When confronted with a Commonwealth appeal from an order suppressing evidence, we must determine for ourselves whether the order is appealable -- whether it terminates or substantially handicaps the prosecution; and we must make that determination on the basis of the record, and on that basis alone.

(Opinion at 884).*fn2 Therefore, we must make an independent review of the record to determine whether suppression will terminate or substantially handicap the prosecution.*fn3

We have carefully reviewed the record in this case. Contrary to the Commonwealth's claim in its brief, our review of the record does not support the claim that suppression will terminate or substantially handicap the prosecution. The record indicates that the police had received a complaint from the child's mother, Barbara Krusnoski, that appellee had beaten Chanda Krusnoski. (N.T. pp. 8, 27) After appellee had been arrested and taken into custody, at least one officer remained behind to interview Cary Tatum and her two children who shared the residence with appellee and Ms. Krusnoski. The officer then proceeded about a block and a half away, where Krusnoski and her child were located and transported them to the hospital. (N.T. p. 27)

[ 312 Pa. Super. Page 390]

The notes of testimony fail to show the extent of the Commonwealth's evidence; they are silent as to whether other evidence existed to link appellant to the alleged child beating or as to whether only appellee's admission could tie appellee to the incident.*fn4 However, the criminal complaint filed in this case tends to contradict the Commonwealth's position on appeal. On its face, the complaint indicates that the affiant filed such based on information received from the young victim's mother and the Tatum children.*fn5 No mention is made of the suppressed statement. Therefore, under the rule set forth in Lapia, we must reluctantly quash this appeal as there is no demonstration of record to indicate the Commonwealth could not proceed to trial.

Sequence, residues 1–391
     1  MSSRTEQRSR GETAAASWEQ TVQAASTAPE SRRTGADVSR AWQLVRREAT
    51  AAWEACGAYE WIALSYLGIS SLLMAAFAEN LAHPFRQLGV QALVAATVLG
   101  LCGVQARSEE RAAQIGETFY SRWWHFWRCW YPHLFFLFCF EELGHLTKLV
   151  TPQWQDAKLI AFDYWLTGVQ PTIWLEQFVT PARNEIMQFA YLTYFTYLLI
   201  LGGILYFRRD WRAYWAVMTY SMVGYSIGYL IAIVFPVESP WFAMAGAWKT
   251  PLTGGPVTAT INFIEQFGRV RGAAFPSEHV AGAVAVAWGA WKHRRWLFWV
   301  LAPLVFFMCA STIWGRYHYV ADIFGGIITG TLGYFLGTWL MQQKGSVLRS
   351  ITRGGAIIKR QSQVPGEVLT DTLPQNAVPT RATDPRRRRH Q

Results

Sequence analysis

In both Lapia and Dugger, the crime charged was possession of a controlled substance. As Judge Spaeth's lead opinion in Lapia and Dugger indicated:

"It is apparent that the record discloses that in each case the suppression order terminates the prosecution; the Commonwealth cannot prove a defendant's possession of a controlled substance if it cannot prove that it took the substance from the defendant."

(Opinion at page 885) This is not to say that suppression orders, in non possessory crimes, may not be appealed; but instead the record in such cases must be more fully developed and explicit as to whether the Commonwealth will be able to proceed. Applying such to the current case, we may only offer conjecture as to the Commonwealth's reasons for believing the suppressed evidence was necessary to its case. While it may be true, as the appellant would have us infer,

[ 312 Pa. Super. Page 391]

    that the victim's mother's allegations rested on mere suspicion, such inference outside of the record is inadequate.*fn6

Appeal quashed.